The insulin-like growth factor I (IGF-I) has an anabolic effect in chondrocyte metabolism. Amongst others, IGF-I increases the synthesis of proteoglycan. Previous studies (for example: De Mattei et al., 2004, De Mattei et al., 2001) indicated a similar effect induced by low frequency pulsed electromagnetic fields. To further examine this hypothesis, cartilage samples were exposed and treated with IGF-I and interleukin-1ß (IL-1ß, plays a role in cartilage destruction, suppresses the synthesis of proteoglycan) alone or in combination for 1 or 7 days.
Human cartilage samples were obtained from 13 patients with knee osteoathritis undergoing total knee replacement. The stage of osteoarthritis was scored and the cartilage samples were classified. The samples with slight degenerations were obtained from all patients, while the severe cartilage degeneration samples were obtained from only 4 patients.
|Chamber||a pair of circular Helmoltz coils made of copper wire, placed opposite to each other and in a signal generator; multiwell plates were placed between this pair of Helmoltz coils so that the plane of the coils was perpendicular to the multiwell plates|
|Sham exposure||A sham exposure was conducted.|
After 7 days, PEMF exposure or IGF-I treatment alone led to a significant increase in the synthesis of proteoglycan in comparison to the control samples, while a combination of exposure and IGF-I treatment significantly increased the amount of proteoglycan synthesis. After 1 day of incubation, only the combination of exposure and IGF-I increased the proteoglycan synthesis in the cartilage explants significantly in comparison to the control. No significant changes in the proteoglycan release in the culture medium by PEMF exposure or IGF-I addition were observed.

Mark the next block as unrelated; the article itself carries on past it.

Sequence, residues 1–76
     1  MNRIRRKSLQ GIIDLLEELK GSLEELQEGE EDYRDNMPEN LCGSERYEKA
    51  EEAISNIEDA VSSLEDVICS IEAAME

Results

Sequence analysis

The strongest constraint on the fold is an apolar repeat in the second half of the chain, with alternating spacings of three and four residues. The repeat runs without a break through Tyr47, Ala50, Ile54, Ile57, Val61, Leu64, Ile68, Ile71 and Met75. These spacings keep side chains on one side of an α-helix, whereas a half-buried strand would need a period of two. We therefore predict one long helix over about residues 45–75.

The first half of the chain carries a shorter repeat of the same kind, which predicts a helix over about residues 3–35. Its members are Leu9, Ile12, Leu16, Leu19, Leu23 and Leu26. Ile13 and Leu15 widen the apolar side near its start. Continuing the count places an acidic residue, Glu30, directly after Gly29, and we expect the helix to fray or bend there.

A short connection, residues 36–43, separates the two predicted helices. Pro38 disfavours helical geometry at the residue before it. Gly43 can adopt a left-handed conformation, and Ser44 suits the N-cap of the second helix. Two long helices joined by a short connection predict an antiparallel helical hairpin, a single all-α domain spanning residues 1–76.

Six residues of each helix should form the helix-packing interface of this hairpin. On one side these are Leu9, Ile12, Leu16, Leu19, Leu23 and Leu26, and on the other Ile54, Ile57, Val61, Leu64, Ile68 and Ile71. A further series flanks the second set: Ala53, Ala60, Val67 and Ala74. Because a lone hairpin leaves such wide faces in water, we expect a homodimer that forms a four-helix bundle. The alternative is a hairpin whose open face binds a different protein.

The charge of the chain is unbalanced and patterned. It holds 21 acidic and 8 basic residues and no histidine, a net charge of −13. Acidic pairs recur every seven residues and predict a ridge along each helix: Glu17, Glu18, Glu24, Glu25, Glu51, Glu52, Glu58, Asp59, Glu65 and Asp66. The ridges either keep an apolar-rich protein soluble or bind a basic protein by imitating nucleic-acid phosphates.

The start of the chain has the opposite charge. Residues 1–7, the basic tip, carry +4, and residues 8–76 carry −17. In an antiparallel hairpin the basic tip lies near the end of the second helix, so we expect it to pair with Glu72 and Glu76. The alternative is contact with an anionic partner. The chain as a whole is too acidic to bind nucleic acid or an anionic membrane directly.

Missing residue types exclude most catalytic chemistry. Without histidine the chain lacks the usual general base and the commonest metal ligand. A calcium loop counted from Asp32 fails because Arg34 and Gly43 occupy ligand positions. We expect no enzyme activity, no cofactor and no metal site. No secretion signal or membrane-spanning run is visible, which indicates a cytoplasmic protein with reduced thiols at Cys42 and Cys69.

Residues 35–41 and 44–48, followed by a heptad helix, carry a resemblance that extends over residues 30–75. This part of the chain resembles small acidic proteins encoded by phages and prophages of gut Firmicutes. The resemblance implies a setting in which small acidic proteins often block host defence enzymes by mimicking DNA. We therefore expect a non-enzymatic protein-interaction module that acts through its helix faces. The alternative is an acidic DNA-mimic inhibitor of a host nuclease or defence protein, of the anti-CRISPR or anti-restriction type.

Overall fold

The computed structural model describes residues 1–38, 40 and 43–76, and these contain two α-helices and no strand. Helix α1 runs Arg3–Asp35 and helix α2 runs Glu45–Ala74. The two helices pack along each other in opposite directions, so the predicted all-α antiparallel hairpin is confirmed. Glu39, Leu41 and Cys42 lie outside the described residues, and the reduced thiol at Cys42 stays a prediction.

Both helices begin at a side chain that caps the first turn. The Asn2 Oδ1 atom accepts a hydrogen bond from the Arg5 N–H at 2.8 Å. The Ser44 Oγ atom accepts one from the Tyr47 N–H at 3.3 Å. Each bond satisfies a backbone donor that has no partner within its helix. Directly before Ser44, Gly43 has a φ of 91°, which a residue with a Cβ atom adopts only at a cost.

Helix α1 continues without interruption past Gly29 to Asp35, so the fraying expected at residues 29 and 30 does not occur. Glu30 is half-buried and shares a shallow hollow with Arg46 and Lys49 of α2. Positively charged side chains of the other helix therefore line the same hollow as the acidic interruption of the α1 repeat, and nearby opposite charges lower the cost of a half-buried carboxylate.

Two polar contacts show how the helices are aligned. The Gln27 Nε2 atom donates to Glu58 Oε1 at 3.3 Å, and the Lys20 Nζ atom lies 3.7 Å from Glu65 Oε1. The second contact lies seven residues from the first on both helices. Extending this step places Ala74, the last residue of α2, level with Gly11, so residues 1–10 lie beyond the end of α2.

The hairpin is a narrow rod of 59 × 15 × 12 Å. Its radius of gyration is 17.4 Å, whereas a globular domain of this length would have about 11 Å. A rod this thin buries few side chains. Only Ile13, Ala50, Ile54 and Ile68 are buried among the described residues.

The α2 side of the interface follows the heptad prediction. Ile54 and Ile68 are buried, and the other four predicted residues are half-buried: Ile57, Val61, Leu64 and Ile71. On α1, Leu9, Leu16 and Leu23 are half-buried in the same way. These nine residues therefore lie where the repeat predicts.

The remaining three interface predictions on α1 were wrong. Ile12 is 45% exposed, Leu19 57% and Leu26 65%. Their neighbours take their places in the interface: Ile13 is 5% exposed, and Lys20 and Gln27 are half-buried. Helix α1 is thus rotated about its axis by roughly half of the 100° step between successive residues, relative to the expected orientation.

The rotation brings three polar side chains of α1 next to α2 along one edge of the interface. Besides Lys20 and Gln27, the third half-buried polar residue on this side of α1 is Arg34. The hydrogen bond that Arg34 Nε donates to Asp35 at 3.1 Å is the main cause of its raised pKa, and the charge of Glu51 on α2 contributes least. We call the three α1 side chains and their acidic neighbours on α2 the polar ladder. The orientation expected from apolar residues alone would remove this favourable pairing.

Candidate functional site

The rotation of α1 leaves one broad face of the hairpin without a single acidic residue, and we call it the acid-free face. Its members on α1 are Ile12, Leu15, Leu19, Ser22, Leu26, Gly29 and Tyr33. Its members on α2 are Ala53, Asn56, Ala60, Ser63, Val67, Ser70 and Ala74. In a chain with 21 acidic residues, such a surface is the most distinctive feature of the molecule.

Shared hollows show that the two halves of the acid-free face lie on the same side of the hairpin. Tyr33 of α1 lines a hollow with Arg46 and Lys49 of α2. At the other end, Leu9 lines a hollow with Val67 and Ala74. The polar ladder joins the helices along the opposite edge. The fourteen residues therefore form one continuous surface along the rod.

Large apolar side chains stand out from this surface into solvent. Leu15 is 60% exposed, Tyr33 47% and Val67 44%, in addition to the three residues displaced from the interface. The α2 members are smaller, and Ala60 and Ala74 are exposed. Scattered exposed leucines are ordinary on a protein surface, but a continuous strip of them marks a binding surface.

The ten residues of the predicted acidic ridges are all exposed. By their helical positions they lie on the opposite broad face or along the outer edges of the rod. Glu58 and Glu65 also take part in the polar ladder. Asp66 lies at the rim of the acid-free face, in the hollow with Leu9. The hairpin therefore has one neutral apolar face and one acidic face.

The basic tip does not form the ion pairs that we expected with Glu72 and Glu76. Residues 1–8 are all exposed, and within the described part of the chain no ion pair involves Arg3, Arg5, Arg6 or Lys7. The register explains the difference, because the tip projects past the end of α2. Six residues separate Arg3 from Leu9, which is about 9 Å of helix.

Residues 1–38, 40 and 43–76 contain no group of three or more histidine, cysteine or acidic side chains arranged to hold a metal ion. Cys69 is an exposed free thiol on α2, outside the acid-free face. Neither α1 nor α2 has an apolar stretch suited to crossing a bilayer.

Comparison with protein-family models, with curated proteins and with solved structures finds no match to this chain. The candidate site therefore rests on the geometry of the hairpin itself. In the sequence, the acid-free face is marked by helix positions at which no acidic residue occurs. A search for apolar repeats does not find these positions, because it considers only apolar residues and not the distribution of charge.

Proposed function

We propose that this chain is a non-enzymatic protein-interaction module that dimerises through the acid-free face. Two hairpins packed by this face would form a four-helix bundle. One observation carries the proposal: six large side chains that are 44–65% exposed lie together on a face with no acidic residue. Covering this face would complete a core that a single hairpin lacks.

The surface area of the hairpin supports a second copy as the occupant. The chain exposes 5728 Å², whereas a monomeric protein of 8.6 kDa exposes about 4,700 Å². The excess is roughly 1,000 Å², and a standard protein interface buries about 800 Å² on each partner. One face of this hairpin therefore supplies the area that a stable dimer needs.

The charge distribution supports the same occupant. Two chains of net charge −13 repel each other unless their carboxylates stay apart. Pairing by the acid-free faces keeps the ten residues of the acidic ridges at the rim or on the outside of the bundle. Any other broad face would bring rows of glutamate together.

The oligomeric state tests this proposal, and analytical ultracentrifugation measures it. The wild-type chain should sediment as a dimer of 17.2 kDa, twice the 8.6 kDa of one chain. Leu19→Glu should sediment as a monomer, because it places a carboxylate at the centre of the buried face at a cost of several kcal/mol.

After 7 days of incubation, treatment with IL-1ß led to a significant decrease in proteoglycan synthesis in comparison to the control. This effect was significantly attenuated by exposure or IGF-I treatment and even more by a combination of both when a concentration of 0.01 ng/ml IL-1ß was used. No PEMF exposure- or IGF-I-related effects were seen when the concentration of IL-1ß was 10 ng/ml. No significant differences in the lactate production in the culture media at all IL-1ß doses were found compared to the control group.
The authors conclude that pulsed electromagnetic fields could have a chondroprotective effect on human cartilage, especially in combination with IGF-I.